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SPD Language for Tiered Plans


Lynn Campbell
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Of course participants read the SPD....

Anyway, most of the documents I've seen explain that the employer can make contributions as it determines to the different classes of employees and then go on to explain how the formula works, depending on the exact document language.

Personal opinion here - your thoughts about the employees are one of the downsides of cross-tested plans that tend to get glossed over in the sales pitch.

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I have had this discussion with a number of my clients who are TPAs and trying to figure out what to say in the SPDs they prepare for their plan sponsor clients.

In most cases, the SPD has been drafted to list/define the classes and then explain how the contribution will be allocated between the classes and within the class. The explanations are usually general, for example: "the contribution made by the employer to each class is allocated on a compensation ratio basis to the members of the class."

I have not actually done this, but some practitioners have suggested separate plans for each class (they would be aggregated for testing) so that you don't have to disclose to participants in any class what other classes are getting. This might be an issue if the document provides for an allocation of 25% to the class of big shots and an allocation of 3% to the little shots, but with the new IRS guidance, you don't have to put the %'s in the document so it probably is of less interest now.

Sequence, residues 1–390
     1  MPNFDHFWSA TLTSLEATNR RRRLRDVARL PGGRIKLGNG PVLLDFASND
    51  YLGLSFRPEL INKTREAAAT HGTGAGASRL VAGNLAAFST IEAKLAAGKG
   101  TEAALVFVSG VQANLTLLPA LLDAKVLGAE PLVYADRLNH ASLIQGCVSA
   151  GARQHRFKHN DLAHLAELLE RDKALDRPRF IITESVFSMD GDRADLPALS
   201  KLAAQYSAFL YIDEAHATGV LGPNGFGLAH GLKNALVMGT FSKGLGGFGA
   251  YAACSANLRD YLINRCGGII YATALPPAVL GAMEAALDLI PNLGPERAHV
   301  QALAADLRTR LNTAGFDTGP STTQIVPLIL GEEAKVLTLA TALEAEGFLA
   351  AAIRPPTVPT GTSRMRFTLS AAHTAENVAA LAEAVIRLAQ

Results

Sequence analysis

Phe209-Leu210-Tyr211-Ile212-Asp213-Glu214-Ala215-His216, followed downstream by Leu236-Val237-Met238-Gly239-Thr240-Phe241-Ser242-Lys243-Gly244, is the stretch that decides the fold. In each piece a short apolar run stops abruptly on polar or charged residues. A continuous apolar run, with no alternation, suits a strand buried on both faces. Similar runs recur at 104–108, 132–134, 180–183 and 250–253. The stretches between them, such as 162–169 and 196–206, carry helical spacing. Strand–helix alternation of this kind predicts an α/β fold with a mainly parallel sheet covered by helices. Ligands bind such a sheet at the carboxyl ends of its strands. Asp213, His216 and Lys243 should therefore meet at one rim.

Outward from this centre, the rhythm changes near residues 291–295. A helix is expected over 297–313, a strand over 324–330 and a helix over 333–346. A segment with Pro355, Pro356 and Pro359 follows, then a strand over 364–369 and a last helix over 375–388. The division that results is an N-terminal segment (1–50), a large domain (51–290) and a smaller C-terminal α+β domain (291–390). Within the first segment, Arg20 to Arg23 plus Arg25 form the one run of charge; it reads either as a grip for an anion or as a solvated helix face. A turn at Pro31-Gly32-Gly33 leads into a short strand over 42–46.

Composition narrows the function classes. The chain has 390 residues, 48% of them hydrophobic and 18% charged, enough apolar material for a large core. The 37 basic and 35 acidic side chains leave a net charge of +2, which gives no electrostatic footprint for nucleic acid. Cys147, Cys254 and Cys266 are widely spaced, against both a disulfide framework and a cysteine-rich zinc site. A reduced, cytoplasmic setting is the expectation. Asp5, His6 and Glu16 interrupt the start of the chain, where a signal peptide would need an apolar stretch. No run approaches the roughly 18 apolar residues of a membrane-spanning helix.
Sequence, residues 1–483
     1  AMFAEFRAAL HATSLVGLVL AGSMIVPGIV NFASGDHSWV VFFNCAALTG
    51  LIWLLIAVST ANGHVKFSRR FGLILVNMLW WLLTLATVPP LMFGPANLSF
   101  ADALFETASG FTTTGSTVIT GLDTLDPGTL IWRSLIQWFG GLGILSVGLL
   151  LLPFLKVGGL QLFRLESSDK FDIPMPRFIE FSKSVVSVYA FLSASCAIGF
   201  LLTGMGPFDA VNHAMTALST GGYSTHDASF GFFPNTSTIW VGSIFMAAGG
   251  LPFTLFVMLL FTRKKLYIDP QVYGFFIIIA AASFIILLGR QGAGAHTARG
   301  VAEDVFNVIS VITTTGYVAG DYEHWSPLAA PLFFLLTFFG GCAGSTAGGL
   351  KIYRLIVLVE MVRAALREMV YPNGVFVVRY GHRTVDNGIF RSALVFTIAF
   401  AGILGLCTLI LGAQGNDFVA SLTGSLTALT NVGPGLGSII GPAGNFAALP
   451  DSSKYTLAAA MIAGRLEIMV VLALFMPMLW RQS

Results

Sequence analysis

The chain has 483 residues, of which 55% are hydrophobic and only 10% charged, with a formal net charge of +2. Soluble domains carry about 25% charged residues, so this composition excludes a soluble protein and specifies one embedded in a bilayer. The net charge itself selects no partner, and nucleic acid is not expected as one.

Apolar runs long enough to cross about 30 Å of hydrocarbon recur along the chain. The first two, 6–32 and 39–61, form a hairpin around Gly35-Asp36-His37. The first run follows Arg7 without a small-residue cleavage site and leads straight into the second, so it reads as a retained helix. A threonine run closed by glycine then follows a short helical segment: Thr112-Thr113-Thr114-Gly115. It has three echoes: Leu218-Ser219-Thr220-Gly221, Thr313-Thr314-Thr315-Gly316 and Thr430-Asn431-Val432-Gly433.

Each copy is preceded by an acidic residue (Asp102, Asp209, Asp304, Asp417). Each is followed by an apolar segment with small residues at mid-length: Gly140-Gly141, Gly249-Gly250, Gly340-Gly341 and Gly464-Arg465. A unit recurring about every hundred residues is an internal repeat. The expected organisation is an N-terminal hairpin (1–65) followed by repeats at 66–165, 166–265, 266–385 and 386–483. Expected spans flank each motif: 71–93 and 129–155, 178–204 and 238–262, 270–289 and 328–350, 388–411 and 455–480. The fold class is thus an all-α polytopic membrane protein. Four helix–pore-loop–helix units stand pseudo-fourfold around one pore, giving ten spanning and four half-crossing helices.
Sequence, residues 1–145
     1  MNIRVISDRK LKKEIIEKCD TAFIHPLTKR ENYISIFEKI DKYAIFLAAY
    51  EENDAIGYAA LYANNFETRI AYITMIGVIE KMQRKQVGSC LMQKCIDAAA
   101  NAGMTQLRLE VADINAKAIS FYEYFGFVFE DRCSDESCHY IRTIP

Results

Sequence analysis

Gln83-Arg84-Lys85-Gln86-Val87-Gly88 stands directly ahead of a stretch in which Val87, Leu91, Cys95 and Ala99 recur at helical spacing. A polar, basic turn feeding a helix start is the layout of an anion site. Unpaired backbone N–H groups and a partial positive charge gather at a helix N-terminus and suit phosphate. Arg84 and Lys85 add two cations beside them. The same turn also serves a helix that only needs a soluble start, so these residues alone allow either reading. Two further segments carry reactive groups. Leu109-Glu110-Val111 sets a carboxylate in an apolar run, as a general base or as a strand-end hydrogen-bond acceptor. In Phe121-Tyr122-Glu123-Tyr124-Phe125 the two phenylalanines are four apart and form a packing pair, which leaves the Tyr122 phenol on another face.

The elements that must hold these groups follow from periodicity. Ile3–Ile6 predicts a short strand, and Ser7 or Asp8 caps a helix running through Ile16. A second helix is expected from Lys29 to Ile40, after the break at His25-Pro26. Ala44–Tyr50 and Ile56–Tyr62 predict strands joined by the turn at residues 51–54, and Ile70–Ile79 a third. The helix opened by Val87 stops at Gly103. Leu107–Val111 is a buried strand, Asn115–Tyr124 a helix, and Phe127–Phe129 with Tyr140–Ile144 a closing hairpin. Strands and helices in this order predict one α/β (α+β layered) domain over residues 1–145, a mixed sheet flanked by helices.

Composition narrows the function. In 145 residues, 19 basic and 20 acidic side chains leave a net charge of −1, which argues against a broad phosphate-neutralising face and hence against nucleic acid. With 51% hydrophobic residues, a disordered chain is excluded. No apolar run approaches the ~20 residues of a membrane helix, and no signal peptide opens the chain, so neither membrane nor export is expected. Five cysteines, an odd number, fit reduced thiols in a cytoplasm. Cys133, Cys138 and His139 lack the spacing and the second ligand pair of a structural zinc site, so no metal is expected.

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  • 1 month later...
Guest Bill Mulkern

ERISA Reg. 2520.102-4 "Option for different summary plan discriptions" answers this question. "In some cases an employee benefit plan may provide different benefits for various classes of participants... (...) In such cases the plan administrator may fulfill the (SPD requirement)by furnishing to each member of each class of participants...a copy of a(n SPD) appropriate to that class. (...) (The SPD) may omit information which is not applicable to the class of participants...to which it is furnished."

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